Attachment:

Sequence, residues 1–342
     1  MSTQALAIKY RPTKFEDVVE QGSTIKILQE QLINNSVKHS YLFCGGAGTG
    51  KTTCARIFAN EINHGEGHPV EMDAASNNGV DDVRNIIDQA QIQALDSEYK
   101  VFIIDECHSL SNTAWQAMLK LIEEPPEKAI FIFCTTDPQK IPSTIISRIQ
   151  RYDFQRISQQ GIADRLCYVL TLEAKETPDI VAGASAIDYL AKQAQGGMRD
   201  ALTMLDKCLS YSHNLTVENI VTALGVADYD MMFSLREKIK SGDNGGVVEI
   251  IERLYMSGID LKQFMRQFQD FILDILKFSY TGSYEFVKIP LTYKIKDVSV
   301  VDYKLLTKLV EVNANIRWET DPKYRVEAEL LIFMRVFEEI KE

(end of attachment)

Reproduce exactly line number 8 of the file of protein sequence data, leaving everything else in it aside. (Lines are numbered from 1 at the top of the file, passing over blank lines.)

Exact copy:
   301  VDYKLLTKLV EVNANIRWET DPKYRVEAEL LIFMRVFEEI KE